· Effective instructional principles embedded in content
· Motivation and self-directed learning
· Text-based collaborative learning
· Diverse texts
· A technology component
· Ongoing formative assessment of students
· Extended time for literacy
I put together a development team and we began to build a literacy resource to apply the research agenda. The team included business partner Meryl-Lynn Pluck of Rainbow Reading fame, and our outstanding publisher here at South Pacific Press, Matt Comeskey. We co-opted Reading Recovery expert Kendall Gibson and US literacy expert Toni Hollingsworth. We found a technology partner in Palmerston North digital media company Unlimited Realities (UR). We began to experiment with short, engaging, authentic texts displayed on a big screen in front of a class (or group) of students with an interactive toolbar and embedded digital objects for explicit teaching.
A cup of coffee with Professor Stuart McNaughton reinforced to me that we were on the right track and reinforced my beliefs about the importance of student engagement above all else. He recommended I read the work of John Guthrie, arguably the world expert in the field of student engagement. Guthrie, (2001) describes engagement as “the merger of motivation and thoughtfulness”, reinforcing to me that it’s not just eyes on the text that we were seeking but thoughtful engagement – an active, cognitive and emotional engagement that would support accelerated literacy progress for students. Guthrie (2004) also made a telling point, that “reading engagement is more highly associated with NAEP reading achievement than demographic variables that represent traditional barriers to achievement”.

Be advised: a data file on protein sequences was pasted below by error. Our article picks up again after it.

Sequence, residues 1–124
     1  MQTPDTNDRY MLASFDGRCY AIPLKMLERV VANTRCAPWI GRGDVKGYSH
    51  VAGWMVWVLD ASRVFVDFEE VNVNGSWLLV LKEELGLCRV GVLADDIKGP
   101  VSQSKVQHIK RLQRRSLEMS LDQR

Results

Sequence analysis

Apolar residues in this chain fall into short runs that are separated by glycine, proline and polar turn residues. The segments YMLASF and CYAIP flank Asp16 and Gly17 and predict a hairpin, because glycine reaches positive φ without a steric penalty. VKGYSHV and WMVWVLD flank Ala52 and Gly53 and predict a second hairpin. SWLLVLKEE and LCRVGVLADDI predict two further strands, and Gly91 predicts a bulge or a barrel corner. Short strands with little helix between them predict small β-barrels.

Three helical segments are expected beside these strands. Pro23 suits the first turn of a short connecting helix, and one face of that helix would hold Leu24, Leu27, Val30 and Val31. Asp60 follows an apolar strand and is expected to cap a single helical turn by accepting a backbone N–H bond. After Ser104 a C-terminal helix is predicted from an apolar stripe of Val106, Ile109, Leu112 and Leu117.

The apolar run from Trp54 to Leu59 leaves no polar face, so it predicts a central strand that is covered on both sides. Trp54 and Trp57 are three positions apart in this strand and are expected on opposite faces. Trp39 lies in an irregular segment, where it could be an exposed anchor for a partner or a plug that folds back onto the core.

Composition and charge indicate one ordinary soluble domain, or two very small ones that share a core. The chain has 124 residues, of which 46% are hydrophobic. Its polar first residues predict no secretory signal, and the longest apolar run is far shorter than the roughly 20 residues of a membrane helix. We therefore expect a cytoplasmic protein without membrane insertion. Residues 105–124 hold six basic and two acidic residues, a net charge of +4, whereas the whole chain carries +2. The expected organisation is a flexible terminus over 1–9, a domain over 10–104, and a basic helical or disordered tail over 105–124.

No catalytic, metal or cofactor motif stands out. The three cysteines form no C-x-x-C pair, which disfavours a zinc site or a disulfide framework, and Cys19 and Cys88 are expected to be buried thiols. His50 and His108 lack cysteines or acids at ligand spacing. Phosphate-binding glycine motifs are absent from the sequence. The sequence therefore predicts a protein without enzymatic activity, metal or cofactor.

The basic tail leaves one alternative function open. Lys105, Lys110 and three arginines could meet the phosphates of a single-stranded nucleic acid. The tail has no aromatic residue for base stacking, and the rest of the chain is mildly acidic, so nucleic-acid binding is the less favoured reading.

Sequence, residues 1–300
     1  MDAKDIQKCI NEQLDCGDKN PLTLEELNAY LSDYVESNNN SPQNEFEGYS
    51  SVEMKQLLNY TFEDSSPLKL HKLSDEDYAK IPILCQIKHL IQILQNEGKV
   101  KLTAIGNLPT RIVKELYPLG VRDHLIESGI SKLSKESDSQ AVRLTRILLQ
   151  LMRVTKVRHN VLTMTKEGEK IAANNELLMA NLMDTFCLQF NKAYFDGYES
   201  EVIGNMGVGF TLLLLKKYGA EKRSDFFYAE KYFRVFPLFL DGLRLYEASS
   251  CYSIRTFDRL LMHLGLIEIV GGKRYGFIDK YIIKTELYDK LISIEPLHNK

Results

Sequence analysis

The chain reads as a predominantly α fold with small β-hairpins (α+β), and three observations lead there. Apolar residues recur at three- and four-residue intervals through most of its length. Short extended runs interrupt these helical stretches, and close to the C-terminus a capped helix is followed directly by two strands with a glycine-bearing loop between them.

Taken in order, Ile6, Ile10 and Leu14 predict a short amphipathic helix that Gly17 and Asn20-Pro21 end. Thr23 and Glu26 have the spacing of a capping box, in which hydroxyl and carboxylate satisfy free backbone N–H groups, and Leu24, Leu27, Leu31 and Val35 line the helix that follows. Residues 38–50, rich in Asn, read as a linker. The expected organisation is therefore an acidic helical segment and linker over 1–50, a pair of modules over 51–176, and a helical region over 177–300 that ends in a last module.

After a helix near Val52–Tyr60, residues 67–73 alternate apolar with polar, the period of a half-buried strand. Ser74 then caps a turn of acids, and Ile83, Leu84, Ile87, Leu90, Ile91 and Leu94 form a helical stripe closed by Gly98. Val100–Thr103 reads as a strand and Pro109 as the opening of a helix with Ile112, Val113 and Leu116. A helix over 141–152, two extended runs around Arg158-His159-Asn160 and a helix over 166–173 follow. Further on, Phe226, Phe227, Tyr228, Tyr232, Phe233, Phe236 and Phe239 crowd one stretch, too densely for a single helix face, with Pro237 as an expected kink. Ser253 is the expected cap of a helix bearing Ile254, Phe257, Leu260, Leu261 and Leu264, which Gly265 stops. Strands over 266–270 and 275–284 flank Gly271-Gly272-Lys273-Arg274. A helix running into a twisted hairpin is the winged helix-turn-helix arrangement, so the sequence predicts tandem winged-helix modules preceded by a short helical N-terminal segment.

To create this engagement we knew we also needed interesting, real world content-oriented texts, and it was at this point we challenged another ‘sacred cow’ of reading teaching. We decided to make the texts challenging, sometimes above the instructional reading age of the students – for two reasons. Students like challenge, as long as they’re not left to face it without support. And pedagogically I believe that without challenge there won’t be acceleration. The key to bringing more of our students to proficiency and above is to offer them challenge with the support of a rich pedagogy that combines teacher modelling and explicit teaching, strong interaction and reflection and a gradual release of responsibility to the students who must strive to demonstrate competence. Then we will have our metacognitive student!